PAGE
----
Following the capture of Lakyen Ga and with it, Tsumhpawng Ga and Yawngbang Ga, the three forming a tight triangle south of Taipha Ga, the Chinese have started moving south towards Maingkwan, main Jap bastion in the Hukawng Valley. The Nips contested possession of the triangle bitterly in counter-attacks and with artillery, but they were repulsed, pocketed and wiped out. The final counter-attack was made against Yawngbang Ga, southwestern corner of the triangle, but the Japs were driven beyond previously prepared positions, leaving 164 dead behind as compared with the loss of only two Chinese.

  Stilwell's forces are now en route to Mungwan southward along the Taipha Ga-Maingkwan Road where it is cut by the Numgawn River, six miles north of of Maingkwan. During the last two days, resistance near Mungwan has stiffened and the advance slowed. But evidence of the difficulty encountered by the enemy in his retreat at this point is starkly apparent in the unburied dead discovered along the retreat route.
  The Chinese column driving southwest down the Mawning River forged four miles to the Chindwin River after taking La-awng Ga and converged with another force which had crossed the river at Taipha Ga and cut south along the opposite bank. Meanwhile, east of Taipha Ga up the Mawning another element consolidated recent advances and killed a considerable number of Japs in the cleanup of the area composed of Tumhpang Ga, Singlung Ga, La-awn Ga and Chenam Ga, the latter the last Jap-held town along the river.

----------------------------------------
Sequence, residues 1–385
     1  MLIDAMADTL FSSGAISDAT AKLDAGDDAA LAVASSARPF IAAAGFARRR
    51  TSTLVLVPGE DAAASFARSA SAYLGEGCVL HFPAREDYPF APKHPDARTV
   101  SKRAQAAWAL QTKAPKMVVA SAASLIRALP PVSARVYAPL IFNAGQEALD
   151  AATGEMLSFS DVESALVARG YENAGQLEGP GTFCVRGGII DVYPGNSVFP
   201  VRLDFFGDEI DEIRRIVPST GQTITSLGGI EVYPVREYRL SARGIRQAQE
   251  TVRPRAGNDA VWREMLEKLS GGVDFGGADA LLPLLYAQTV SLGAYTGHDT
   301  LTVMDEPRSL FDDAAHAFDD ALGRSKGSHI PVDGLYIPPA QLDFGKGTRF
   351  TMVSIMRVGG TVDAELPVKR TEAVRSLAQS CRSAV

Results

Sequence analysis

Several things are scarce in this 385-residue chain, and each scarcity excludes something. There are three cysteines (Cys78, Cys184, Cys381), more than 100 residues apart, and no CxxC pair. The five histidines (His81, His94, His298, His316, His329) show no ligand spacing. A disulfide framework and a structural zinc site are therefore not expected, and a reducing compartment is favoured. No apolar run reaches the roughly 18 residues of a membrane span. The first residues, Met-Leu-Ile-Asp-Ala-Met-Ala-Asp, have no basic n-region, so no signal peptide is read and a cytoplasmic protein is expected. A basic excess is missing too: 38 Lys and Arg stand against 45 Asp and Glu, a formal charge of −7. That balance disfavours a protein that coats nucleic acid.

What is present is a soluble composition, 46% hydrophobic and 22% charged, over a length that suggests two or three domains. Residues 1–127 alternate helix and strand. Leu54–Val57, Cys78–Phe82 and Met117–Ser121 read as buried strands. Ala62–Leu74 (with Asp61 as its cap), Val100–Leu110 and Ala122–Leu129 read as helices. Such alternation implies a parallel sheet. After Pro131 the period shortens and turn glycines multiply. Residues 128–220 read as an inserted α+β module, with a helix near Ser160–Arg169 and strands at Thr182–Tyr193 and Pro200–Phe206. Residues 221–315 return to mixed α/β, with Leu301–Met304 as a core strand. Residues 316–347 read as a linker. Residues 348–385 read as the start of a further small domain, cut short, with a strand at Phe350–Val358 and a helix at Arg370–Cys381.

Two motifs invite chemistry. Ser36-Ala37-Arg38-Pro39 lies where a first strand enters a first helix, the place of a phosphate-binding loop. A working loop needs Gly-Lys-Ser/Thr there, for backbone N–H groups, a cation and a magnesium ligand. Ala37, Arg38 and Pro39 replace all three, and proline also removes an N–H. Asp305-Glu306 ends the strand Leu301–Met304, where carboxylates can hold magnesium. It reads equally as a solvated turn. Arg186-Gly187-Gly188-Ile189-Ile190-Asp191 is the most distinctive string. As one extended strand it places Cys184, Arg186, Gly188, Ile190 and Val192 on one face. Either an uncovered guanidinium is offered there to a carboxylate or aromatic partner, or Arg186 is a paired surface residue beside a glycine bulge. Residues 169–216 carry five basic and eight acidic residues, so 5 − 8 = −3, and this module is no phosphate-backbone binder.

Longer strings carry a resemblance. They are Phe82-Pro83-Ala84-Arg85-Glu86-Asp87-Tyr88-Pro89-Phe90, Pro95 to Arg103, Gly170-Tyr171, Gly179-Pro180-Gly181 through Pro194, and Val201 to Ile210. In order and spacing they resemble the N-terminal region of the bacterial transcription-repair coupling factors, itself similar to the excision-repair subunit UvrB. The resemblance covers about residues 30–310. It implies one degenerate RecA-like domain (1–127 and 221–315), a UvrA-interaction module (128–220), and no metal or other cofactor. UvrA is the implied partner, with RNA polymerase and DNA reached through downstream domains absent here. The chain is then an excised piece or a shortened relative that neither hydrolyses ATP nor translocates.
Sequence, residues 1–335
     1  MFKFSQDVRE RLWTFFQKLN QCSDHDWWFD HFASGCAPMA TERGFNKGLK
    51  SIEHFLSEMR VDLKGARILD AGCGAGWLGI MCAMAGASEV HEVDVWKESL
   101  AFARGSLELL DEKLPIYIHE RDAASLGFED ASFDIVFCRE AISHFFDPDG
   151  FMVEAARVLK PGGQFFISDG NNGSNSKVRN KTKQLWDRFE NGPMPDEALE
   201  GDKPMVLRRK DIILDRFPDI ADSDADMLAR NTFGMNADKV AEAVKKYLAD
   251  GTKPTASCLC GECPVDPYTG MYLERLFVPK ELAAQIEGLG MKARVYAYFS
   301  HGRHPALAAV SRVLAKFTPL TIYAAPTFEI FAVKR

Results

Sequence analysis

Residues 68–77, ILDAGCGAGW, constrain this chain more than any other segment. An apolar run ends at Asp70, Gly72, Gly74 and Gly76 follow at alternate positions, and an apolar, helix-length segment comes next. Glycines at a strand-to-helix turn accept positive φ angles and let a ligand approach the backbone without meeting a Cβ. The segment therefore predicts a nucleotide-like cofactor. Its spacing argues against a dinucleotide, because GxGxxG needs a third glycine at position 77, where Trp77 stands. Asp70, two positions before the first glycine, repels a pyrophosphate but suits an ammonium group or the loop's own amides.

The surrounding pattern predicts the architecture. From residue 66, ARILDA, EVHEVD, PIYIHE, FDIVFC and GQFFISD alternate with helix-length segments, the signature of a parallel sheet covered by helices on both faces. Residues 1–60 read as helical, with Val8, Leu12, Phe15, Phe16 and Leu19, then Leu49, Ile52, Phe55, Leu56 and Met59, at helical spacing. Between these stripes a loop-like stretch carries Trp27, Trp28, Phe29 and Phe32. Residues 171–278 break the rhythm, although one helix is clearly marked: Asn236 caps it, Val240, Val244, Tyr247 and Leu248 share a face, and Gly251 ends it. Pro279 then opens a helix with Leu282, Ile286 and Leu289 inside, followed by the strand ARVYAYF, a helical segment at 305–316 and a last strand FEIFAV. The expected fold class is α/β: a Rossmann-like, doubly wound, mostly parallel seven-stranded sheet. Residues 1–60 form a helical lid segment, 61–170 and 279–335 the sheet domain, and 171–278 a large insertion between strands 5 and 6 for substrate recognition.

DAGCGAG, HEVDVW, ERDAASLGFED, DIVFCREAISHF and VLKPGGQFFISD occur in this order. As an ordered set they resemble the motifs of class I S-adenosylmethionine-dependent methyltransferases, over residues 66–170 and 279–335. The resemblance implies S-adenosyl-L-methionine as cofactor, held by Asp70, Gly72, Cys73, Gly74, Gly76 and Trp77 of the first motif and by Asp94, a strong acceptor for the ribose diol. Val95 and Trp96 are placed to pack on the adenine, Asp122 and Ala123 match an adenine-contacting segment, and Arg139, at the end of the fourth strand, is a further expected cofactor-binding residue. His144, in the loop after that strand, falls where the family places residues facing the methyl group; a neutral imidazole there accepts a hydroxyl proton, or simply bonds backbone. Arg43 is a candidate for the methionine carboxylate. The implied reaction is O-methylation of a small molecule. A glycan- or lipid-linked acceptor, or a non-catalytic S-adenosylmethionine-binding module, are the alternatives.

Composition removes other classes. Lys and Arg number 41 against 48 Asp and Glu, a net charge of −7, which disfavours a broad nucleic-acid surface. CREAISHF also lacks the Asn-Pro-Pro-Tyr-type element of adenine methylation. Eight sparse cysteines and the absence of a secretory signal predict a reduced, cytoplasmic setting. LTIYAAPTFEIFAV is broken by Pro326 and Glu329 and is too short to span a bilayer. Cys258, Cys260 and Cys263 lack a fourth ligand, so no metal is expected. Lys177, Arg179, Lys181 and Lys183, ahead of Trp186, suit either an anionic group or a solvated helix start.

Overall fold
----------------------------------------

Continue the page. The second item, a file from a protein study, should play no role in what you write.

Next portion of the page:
Other elements of the same force cut south to the banks of the Tawang River, about five miles east of Nhkang Kyang, where contact with the enemy had been made the day before.
  East of the Chindwin and Lakyen Ga and south of Taipha Ga, other units of the 38th Division advanced from Lamawn Ga southeast to successively take Tinkrai Ga and Ritu. They then stormed Taring Ga on the Tawang River, captured the village, forced a crossing over a foot bridge constructed under fire by Chinese engineers, seized a beachhead on the south bank and then cut east three miles and occupied Hkawn Gahtawng.